Amid much protest in the streets, the Greek government last night passed a law firing thousands of public sector workers.
Twenty five thousand public servants – mainly teachers and municipal police – will be placed in a layoff scheme by the end of 2013. They have eight months to find another position or get laid off.
Why? According to Reuters, ‘Greece’s public sector is widely seen as oversized, inefficient….’
Lazy journalism, once again. What are the facts? Greece’s public sector may well be relatively inefficient, although there is little reliable data on public sector productivity and the press rarely if ever quote hard evidence. But the charge that it is oversized is nonsense.
The number of state employees in Greece is below the EU average. Indeed, according to the OECD ‘Greece has one of the lowest rates of public employment’ among advanced economies, with general government employing just 7.9% of the total labour force in 2008. Across the OECD area, the share of government employment ranges from 6.7% to 29.3%, with an average of 15%.
The OECD also notes that compared to other developed countries, the Greek government spends a much smaller portion of resources on education (8.3% vs. 13.1%), and only some of that is down to a smaller school-age population. So why are teachers targeted for lay-offs?
Of course there is waste in government expenditure. For example, Greece spends large amounts on defence. According to The Guardian, ‘No other area [of spending] has contributed as heavily to the country’s debt mountain. If Athens had cut defence spending to levels similar to other EU states over the past decade, economists claim it would have saved around €150bn – more than its last bailout. Instead, Greece dedicates up to €7bn a year to military expenditure – down from a high of €10bn in 2009.’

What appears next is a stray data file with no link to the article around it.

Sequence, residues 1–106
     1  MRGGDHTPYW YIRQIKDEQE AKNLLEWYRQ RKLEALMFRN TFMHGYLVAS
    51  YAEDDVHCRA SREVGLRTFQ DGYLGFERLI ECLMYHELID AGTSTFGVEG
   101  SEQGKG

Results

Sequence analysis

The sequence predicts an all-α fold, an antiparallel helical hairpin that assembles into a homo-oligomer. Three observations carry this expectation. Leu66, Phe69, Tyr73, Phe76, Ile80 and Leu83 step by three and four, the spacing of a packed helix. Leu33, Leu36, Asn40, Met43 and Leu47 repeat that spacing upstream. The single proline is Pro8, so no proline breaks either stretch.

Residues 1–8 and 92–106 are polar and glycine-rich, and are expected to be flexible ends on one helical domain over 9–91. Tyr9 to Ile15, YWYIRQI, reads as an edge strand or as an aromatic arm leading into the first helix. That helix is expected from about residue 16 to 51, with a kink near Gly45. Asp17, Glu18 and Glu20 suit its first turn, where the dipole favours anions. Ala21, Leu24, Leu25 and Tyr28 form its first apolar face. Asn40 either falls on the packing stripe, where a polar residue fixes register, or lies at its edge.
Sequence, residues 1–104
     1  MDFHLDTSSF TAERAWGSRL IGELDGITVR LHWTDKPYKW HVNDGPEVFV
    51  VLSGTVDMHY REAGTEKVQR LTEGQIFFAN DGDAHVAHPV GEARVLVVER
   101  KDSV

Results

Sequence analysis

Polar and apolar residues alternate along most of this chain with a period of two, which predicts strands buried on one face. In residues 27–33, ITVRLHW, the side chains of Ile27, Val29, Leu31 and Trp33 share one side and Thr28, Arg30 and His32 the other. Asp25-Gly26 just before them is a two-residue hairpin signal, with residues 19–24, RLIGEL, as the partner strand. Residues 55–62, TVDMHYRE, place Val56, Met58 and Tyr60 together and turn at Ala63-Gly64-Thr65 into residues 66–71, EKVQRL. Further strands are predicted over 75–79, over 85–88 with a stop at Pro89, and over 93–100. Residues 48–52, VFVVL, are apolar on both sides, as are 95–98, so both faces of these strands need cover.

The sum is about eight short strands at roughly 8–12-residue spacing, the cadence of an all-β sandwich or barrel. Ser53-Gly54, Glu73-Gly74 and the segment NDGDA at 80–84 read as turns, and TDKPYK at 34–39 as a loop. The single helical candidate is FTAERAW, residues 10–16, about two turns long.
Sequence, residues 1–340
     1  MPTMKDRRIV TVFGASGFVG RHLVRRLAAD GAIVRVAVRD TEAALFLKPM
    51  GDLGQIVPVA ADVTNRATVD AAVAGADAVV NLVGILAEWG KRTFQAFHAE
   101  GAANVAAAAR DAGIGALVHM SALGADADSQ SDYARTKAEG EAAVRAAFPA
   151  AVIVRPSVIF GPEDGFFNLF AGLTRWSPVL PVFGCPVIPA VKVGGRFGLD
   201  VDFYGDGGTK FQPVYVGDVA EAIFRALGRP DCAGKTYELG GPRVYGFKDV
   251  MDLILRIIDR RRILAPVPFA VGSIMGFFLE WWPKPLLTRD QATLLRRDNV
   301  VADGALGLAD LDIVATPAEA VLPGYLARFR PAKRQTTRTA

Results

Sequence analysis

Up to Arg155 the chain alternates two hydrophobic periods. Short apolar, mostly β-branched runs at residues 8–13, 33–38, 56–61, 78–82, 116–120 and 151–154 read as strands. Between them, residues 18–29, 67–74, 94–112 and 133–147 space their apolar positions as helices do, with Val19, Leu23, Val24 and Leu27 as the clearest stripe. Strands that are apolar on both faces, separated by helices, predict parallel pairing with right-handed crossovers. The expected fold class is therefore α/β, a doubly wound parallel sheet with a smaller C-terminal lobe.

Germany, the world’s third largest arms exporter, has been profiting handsomely from a mini- arms race between Greece and Turkey. It also happens to be the ring leader within the EU-European Central Bank-IMF ‘Troika’, offering international loans to pay this defence debt off – at the price of austerity measures such as these brutal cuts to the public sector workforce.
At a time when the private sector is not hiring but firing, this will add to unemployment. This in turn will further hit the economy as in Greece which is heavily dependent on household spending – 74% as against 58% for Germany, according to the World Bank
In short, more misery and self-perpetuating austerity, for a country now in its sixth year of recession and where unemployment is expected to rise to 28% by the end of next year, according to OECD forecasts published this week.
With a little help from the media, the myths perpetuate, and Greece burns.